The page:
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Persistent Forecasting of Disruptive Technologies
FIGURE 3-5 Steroid product for athletes. SOURCE: Reprinted with permission from Custom Medical Stock Photo.
Another example is the Internet, which was originally envisioned as a means for researchers to communicate with one another and to share the computational resources of powerful research computers no matter where they were.9 The Internet subsequently became a global backbone for communications and now supports a diverse array of applications for which it was never designed. One of the “applications” supported by the Internet is the delivery of cyberattacks, which have significant disruptive potential. Thus, to assess this potential for a given technology sector or application, forecasters must ask “What else?”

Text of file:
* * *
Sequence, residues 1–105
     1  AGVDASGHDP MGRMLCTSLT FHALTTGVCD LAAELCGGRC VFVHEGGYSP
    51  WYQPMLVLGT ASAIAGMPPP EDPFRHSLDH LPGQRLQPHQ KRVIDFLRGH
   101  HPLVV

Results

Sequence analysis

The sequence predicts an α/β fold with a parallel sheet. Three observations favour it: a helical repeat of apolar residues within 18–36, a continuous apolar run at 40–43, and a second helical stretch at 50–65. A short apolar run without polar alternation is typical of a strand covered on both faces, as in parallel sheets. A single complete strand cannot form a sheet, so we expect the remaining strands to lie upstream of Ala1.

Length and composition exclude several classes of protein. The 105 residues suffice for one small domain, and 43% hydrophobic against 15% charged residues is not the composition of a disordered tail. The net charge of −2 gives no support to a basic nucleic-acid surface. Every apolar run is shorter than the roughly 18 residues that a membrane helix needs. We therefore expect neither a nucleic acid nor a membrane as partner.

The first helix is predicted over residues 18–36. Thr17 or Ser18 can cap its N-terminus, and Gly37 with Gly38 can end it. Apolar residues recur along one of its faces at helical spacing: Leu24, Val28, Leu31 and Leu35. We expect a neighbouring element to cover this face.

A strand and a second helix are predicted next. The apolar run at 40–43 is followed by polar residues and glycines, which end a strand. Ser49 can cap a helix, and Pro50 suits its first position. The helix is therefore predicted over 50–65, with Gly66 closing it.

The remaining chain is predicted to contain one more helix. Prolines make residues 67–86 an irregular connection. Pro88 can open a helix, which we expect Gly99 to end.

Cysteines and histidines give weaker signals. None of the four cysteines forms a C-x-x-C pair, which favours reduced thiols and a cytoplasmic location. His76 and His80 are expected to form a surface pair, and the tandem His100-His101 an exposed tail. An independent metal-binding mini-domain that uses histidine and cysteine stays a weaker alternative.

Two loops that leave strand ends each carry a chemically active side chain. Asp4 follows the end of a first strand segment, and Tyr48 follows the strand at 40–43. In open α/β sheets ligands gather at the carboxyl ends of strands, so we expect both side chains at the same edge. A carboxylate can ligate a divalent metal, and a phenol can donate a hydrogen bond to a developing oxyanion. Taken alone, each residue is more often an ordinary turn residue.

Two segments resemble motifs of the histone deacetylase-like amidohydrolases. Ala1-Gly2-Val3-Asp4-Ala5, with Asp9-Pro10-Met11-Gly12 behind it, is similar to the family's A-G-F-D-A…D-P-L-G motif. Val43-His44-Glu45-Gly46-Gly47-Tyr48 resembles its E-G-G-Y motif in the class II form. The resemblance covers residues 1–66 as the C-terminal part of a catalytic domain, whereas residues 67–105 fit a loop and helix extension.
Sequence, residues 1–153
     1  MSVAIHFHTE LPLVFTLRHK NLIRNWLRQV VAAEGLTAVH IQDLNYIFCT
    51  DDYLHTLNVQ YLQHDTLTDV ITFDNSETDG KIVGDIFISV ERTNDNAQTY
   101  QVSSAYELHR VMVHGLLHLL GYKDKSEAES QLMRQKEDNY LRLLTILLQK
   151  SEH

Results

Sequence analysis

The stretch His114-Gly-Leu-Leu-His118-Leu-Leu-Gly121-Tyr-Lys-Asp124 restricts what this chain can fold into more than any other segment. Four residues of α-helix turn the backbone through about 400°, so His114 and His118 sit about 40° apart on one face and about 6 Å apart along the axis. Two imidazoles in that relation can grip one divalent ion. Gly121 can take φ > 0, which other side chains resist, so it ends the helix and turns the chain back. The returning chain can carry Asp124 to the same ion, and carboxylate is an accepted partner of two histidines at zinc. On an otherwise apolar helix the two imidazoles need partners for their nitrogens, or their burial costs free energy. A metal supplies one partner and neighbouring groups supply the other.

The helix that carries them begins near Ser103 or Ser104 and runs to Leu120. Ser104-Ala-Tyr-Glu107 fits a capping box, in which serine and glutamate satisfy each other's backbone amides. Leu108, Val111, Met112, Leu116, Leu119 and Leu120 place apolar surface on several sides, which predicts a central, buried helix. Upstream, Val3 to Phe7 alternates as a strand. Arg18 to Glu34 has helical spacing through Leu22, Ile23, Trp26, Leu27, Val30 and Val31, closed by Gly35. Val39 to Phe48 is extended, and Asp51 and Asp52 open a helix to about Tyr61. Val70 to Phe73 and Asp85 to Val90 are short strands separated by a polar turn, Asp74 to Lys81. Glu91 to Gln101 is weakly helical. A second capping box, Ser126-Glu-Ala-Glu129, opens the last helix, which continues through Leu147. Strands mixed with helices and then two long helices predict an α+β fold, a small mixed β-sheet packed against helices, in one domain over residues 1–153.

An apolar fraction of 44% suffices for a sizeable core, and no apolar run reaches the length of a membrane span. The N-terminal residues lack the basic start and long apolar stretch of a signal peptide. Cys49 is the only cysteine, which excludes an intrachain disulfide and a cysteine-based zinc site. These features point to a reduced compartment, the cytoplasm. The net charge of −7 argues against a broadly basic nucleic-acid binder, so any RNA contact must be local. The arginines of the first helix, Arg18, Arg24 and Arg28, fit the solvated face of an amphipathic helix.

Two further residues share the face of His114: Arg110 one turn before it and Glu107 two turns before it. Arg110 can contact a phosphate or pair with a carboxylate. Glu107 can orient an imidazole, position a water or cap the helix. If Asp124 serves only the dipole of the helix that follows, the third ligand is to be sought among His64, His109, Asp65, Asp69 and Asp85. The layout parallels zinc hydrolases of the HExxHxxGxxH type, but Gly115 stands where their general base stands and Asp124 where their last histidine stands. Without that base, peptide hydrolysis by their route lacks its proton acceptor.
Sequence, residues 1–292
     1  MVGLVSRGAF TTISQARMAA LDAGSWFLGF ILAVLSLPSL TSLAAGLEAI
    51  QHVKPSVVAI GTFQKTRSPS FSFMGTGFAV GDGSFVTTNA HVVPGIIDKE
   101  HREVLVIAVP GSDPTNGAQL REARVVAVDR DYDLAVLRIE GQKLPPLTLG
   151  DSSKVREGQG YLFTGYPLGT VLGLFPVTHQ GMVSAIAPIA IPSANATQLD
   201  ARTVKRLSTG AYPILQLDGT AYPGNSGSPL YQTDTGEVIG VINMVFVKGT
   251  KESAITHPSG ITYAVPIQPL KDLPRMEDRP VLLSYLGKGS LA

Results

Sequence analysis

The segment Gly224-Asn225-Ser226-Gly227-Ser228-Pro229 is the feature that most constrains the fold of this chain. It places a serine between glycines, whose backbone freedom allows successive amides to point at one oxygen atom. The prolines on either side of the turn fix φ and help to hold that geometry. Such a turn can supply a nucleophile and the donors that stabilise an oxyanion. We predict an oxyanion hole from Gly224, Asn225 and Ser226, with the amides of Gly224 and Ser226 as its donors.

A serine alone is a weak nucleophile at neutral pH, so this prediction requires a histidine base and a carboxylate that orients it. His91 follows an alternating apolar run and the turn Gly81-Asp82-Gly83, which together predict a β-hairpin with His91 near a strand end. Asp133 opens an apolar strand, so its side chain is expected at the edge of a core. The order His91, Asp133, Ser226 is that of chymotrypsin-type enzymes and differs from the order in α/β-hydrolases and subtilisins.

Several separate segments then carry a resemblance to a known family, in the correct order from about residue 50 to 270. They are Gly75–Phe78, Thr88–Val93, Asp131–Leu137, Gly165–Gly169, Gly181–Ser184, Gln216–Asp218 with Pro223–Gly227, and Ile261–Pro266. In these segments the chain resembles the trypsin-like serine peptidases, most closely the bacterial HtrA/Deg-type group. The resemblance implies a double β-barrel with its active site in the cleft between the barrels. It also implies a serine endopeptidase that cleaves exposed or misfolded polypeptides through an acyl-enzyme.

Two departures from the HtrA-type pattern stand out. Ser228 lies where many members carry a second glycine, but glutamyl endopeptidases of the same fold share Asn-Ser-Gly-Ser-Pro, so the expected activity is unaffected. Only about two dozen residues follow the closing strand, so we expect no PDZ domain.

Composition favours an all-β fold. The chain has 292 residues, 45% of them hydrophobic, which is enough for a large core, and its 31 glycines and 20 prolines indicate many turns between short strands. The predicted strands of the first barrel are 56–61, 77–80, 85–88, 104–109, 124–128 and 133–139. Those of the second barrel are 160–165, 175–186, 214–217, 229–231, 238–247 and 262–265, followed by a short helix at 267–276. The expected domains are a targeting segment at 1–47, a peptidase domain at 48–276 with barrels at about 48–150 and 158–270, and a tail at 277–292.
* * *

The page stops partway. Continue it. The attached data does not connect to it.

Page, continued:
This chapter has overviewed the general features of disruptive technologies that must be considered, such as the attributes, categories, and timelines associated with these technologies. The timeline of a technology’s deployment does not necessarily need to be very short for the technology to be considered disruptive, and its cycle can vary, with most technologies undergoing a series of S-curves of growth and development during their lifetimes. Approaches to assessing the likelihood of a given technology disruption were also discussed, including the impact of geographic, demographic, cultural, and social factors. Signposts (metrics that can be used to anticipate the development of a disruptive technology) were emphasized.
Chapters 4 and 5 specifically address the characteristics of a forecasting system for disruptive technologies, including how bias can affect a forecast and the necessary attributes of such a system.